The Oregon coast is a beautiful place. Enormous beaches are only broken up by the occasional rocky outcrop and the road we’re on stays within view of the water for most of the next 2 days while it rises up and down each headland. There are a couple of longer climbs, one with a tunnel part way up that includes a handy safety feature for cyclists. On the approach there’s a button to press that activates some warning lights so that motorists know there’s a bike up ahead. Given the number of huge RV’s, trucks and careless holiday drivers anything like this to make the road a bit safer is very welcome. At the highest point the best view on the entire coast is hidden from us by some thick sea mist giving us a good reason to come back here one day and ride the full length of the Pacific coast (another popular ACA route).
Although the TransAm continues further down the coast we choose to turn inland at Tillamook and head towards Portland. But not before stopping at the famous Tillamook Cheese Factory. Something we really missed during our time in Asia was good cheese so to be in a part of the world that appreciates tasty dairy products again is a real treat.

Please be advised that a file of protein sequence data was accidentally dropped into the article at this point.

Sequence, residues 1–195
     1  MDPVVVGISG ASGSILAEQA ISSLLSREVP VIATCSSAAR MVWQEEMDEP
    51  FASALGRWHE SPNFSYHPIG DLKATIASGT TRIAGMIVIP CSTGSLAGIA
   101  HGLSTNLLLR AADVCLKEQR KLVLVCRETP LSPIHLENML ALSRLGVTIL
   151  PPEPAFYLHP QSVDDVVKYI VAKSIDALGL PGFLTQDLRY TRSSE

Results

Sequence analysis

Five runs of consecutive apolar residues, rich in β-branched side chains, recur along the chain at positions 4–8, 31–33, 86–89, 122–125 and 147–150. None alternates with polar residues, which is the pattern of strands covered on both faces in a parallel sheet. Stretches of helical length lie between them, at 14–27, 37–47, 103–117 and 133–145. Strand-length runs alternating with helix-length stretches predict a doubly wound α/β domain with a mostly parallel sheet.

There’s a climb up to 1550 feet through the Tillamook Forest Park and we seem to have left the holiday traffic behind so can enjoy the easy gradient in a bit more peace. Our destination for the day is Hillsboro just outside Portland, where we’re greeted by Hal and Kat, our WarmShowers hosts and told to pitch the tent next to ‘the ladies’. In the back garden we find that ‘the ladies’ are a small forest of marijuana plants standing seven feet tall and occupying a good portion of the available space. Oregon is one of the states that has legalised the drug so, within certain limits, smokers can happily cultivate plants for their own purposes and Hal has become something of an expert. He’s also an expert witness for litigation cases involving cyclists which keeps him busy when he’s not occupied by his horticultural activities. Accidents are almost always followed up by some form of court case to apportion the blame and Hal’s expert judgement can help to decide who foots the bill. It’s not always the driver at fault either.